Significant changes are happening on the ground in Syria as all parties of the Syrian war have finally sat together at the table with the formation of the constitutional committee. A solution to the 8-year ongoing conflict in the country is long overdue but with these steps, the main aim is to come up with concrete solutions. As a result of this political process, stability is hoped to be reached and the initiation of reconstruction efforts will get underway. “A safe atmosphere has been created far from the oppression of the [Bashar Assad] regime and terrorist organizations in order for the people to be able to return as soon as possible and live with dignity,” the head of the Syrian Interim Government Abdurrahman Mustafa told Daily Sabah yesterday in Ankara, adding that local councils have been established with the participation of the local people that will represent them.
Yet, the head of the interim government further stressed that even though a lot has been achieved, there is still a lot to do. “When the [People's Protection Units] YPG occupied areas, they made demographic changes. Now local councils are being established which represent all people of Syria,” Rami al-Dush, president of the Syrian Tribes and Clans Council, explained in an event in Ankara yesterday focusing on the war-torn country’s reconstruction. He added that the safe return of Syrians will take place under the auspices of the U.N. After the temporary local councils’ establishment, the interim government aims to reach an atmosphere where real elections can be carried out. It was also pointed out that those participating in the council are expected to be local people, with no affiliations with terrorist elements and each member must have a university degree and good morals.
Besides for the local councils, the restoration of hospitals that were destroyed by terrorist organizations and/or lacking equipment is being launched. A hospital with the capacity of 200 beds is serving people in the town of Çobanbey (Al-Rai) whereas locals from Ras al-Ayn are able to receive treatment at Viranşehir State Hospital in the Turkish southeastern border province of Şanlıurfa. Efforts to rebuild the towns' infrastructure, as well as health and educational institutions, proceed as schools are being renovated and hospitals are being amended. The United Nations, on the other side, estimates the cost of reconstruction at about $200 billion, which is about four times Syria’s pre-war GDP. Educational activities, vocational schools, and education have been particularly prioritized in northern Syria. For example, in Jarablus city center and its surrounding villages, a vocational college, four high schools, 12 middle schools, 98 elementary schools, and an educational center have been opened. “The continuity of all relevant agreements is the beginning of the reconstruction of Syria,” Mustafa said. Regarding the political process, the key for stability and reconstruction, Mustafa stated, “As the opposition, we have believed for 30 years that the solution has to be political, but the regime and its allies try to gain land by military means,” while al-Dush added that the pressure of Russia on the regime was a key factor in including the regime in the political solution process. Pressure from international stakeholders, starting with Russia, Turkey and Iran, makes it more likely that the committee will function effectively. What all parties agree on, for now, is the need to preserve Syria's territorial integrity and political unity. It is also noteworthy that this middle ground is an important starting point for Syria's new constitution, yet Mustafa stressed that this is “just the first step toward a solution and not enough on its own.”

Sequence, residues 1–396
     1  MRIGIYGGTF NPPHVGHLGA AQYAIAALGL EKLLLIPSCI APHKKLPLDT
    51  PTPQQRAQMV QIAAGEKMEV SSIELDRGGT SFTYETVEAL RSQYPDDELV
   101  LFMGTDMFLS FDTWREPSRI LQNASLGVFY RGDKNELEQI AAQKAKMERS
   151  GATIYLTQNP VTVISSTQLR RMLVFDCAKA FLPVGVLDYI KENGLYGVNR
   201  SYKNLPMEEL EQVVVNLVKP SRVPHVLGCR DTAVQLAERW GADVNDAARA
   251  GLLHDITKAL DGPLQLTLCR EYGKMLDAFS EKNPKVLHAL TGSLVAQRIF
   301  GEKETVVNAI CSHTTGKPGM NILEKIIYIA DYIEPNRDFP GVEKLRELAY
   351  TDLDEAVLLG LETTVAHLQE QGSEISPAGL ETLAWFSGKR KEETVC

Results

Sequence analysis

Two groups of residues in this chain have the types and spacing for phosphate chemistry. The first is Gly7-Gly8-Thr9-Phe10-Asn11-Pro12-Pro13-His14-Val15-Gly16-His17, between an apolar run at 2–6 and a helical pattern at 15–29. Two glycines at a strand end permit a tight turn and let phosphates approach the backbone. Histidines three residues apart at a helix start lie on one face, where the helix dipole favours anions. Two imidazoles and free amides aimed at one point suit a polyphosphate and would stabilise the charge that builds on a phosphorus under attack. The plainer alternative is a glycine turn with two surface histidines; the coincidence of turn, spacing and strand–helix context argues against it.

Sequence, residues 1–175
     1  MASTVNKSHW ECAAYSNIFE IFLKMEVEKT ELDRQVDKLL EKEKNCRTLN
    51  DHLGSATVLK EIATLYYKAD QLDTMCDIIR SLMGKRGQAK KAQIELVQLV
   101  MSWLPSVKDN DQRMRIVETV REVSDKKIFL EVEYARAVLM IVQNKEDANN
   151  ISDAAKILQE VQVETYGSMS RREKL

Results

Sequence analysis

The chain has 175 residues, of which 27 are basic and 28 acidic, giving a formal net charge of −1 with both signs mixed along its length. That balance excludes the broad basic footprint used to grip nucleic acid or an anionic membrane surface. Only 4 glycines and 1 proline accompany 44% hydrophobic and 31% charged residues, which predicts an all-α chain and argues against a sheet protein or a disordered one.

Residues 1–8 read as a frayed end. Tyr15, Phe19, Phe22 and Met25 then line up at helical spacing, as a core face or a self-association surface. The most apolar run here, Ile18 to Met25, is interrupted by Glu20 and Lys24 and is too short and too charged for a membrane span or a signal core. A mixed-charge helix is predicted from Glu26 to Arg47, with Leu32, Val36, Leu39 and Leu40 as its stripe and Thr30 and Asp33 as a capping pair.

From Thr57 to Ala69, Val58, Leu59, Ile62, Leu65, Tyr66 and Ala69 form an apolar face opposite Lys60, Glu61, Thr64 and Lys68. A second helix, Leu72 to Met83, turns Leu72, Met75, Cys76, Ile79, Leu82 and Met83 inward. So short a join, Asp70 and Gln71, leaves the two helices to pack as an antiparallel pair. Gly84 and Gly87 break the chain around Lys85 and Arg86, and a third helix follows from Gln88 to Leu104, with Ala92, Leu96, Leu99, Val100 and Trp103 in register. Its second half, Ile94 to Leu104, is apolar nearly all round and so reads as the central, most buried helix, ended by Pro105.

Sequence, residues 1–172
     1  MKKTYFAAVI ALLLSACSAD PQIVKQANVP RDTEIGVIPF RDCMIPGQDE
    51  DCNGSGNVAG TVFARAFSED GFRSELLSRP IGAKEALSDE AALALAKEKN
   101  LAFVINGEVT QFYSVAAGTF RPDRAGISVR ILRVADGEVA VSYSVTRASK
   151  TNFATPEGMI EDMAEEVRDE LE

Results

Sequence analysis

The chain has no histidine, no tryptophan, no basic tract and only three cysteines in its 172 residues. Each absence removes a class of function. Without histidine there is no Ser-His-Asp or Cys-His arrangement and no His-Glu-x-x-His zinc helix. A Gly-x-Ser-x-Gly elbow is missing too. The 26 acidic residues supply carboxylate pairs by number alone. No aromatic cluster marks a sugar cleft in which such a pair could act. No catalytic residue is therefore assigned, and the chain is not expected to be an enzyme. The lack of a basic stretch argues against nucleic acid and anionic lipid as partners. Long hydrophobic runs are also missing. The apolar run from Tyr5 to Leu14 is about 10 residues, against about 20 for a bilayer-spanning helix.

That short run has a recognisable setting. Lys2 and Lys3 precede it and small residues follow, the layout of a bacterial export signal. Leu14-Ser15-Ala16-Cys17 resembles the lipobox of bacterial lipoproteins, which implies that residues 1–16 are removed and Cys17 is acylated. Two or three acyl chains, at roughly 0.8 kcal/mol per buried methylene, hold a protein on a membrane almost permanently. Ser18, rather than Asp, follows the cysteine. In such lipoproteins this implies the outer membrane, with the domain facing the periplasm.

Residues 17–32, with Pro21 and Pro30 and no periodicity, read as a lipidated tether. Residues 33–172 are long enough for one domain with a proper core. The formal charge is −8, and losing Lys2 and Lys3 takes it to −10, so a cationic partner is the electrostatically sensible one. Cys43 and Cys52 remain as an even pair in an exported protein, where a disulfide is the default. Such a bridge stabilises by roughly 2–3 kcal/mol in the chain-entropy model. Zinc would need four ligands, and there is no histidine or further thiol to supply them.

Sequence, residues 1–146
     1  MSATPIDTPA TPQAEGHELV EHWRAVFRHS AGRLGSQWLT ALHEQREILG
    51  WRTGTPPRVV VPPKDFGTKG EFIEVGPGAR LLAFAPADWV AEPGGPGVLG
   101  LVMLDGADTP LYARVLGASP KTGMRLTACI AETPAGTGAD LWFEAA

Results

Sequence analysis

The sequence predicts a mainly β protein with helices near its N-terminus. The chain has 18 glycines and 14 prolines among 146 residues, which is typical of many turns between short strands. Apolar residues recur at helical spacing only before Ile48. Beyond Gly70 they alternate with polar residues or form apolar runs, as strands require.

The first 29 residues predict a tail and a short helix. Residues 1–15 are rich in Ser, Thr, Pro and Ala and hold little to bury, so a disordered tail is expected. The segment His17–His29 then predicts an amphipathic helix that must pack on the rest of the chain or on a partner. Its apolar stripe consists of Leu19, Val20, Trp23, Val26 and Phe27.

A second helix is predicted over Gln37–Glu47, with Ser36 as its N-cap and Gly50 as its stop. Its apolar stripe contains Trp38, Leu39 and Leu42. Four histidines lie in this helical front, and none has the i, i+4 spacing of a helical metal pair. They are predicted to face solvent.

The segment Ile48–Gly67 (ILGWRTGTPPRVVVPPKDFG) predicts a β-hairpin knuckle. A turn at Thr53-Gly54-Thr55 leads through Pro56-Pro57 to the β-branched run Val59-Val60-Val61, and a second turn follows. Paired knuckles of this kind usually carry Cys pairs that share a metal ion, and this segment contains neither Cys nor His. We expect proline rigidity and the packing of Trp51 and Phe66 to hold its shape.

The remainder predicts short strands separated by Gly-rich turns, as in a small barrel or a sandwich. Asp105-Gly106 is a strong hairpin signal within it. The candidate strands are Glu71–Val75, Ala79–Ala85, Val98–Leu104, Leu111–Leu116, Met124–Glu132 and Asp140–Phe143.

The regime's uncooperative stance has been known for a while now, whereas opposition members look for an entirely new constitution, which might cause a change in the country's leadership. The regime demands only some changes be made on the already existing constitution. Terror groups determined to hinder return of Syrians “The PKK behaves like Daesh, attacking civilians to hinder them from returning in Syria,” al-Dush stated, referring to the many attacks it has conducted and still continues to conduct on civilians. “This propaganda and attacks aim to hinder people from returning to their homes because they changed the demographic structure there and displaced people. With Daesh’s technique, they have carried out attacks with bomb-loaded vehicles,” the head of the interim government said. On Nov. 10, a car-bomb attack by the terrorist group took place in Tal Abyad, killing nine and injuring 30 others. The bombing in Tal Abyad's Suluk town, which is one of the largest settlement areas in the region, caused massive harm to civilians and damaged buildings. Tal Abyad was cleared of terrorists as part of Operation Peace Spring on Oct. 13. Since then, locals have gradually returned with humanitarian aid being provided with the help of the Turkish Armed Forces (TSK) and the Turkish Red Crescent (Kızılay). The terrorist organization also continues harassment fire toward the Turkish military and Syrian National Army (SNA) fighters; so far at least 198 SNA soldiers have been killed by the YPG, which is the PKK's Syrian offshoot. Saying that Operation Peace Spring opened the way for displaced people to return, Mustafa continued, “The most significant issues on the agenda are Operation Peace Spring and the political process in Syria. The safe atmosphere that has been established thanks to the efforts of the TSK and the FSA (Free Syrian Army), has enabled forcefully displaced people to return and has diminished the dark propaganda of the terrorists.”